There is a cataclysmic shift underway in the way B2B solutions are being purchased today. Buyers are doing most of the pre-purchase homework by themselves, with very little involvement of suppliers. According to a CEB survey, sponsored by Google, more than 57 percent of the purchase process is completed without any discussion with supplier. Using the internet, buyers are finding solution providers, researching solutions, setting requirements, short-listing vendors – and are then contacting suppliers.
Sales, in this new approach to procurement, is being relegated to an order fulfillment function. The old way of “sales hunters”, building relationships with customers, helping discover unmet needs, slanting RFPs toward their own solutions, is now over. By the time businesses approach suppliers, they have already narrowed down the choice of vendors, frozen requirements.The discussion with supplier is mainly about pricing, order fulfillment, and post-sales implementation support.
So what can businesses do to still influence the purchase process?
Marketing now has to take the lead and influence decision makers. Marketing needs to play a pivotal role, particularly during the upfront critical steps, the 57 percent sited in this survey. This upfront involvement ultimately is the only way to increase the chance of a sale.
Content Marketing is one of the key tools in the marketing arsenal to influence decision makers. The traditional marketing approach to lead generation needs to give way to helping customers in their learning journey with useful content. Content is the way to indirectly – not through sales pitches and cold calls – influence key decision makers.
The good news is that most B2B companies have recognized the importance of content marketing. The bad news is that few are doing it well. Here is the dirty little secret of content marketing. For the most part the content – in content marketing - is of poor quality and not very useful. The content often is camouflaged sales collateral. It does little to educate the prospect who are in the midst of their learning journey.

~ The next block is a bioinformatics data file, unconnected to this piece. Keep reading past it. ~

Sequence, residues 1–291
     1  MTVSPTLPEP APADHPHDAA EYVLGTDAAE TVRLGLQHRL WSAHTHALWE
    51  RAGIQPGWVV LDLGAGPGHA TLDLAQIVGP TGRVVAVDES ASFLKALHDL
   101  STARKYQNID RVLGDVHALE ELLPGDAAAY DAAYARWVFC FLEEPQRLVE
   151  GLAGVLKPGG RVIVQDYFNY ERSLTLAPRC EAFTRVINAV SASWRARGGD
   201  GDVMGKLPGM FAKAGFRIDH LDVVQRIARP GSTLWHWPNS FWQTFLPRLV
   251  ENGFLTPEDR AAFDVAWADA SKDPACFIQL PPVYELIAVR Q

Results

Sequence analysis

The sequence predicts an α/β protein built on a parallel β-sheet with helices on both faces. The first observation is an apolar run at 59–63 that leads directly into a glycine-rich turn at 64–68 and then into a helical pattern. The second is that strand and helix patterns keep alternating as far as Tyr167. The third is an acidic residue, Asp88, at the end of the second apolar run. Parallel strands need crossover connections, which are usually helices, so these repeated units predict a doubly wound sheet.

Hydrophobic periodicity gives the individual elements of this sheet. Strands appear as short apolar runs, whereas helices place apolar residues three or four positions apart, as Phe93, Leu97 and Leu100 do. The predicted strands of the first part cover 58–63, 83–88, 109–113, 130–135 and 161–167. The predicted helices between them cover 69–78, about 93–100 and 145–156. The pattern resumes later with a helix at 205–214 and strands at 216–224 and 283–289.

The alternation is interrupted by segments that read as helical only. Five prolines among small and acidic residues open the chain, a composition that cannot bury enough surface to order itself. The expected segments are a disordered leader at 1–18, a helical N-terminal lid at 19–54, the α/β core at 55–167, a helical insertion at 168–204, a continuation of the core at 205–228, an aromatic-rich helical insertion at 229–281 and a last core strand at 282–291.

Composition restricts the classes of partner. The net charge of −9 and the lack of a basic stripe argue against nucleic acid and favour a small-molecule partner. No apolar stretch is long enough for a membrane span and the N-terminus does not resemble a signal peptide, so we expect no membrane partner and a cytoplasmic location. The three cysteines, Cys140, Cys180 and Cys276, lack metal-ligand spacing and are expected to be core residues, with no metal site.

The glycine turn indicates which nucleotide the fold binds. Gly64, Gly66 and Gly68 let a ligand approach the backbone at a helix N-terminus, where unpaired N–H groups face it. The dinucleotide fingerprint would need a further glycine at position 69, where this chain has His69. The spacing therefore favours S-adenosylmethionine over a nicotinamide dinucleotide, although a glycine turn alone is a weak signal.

A case in point is IBM’s Cloud Computing channel on YouTube which includes 370+ videos. Most, are a few minutes long, and lack informative depth. Videos are organized with no thought to the role or the needs of the consumer of the content. As a result, the content generates very little interest. Most videos have less than 1,000 views – this is a drop in the ocean of eyeballs onYouTube. Unfortunately IBM is not the exception, it is the norm.
Getting content marketing right requires you to do a few things right.
First, you need to start with the target audience – the specific roles or functions – you want to influence. You need to develop content tailored and useful to each role. The content needs of a senior executive are a lot different than a mid-level executive charged with solution implementation.
Second, you need to recognize that senior executives – the ultimate decision makers – have very little time to consume content. Few senior executives ever download a white paper or join an online webinar. So you need alternative marketing approaches to influence such individuals.
Third, content needs to be matched with the person’s learning agenda. Through marketing automation, you need to collect information on the precise learning agenda and needs. Sending a white paper, with generic sales fluff, to a person who is well versed with your product is not going to do much good. In fact it may have the opposite effect and turn off the prospect.
Finally, you need to seed your content in channels that match the prospects preferences. You have multiple outlets – video aggregators, b2b trade publishers, corporate website, and industry consultant. The content in each outlet needs to match the profile of the audience in those channels.
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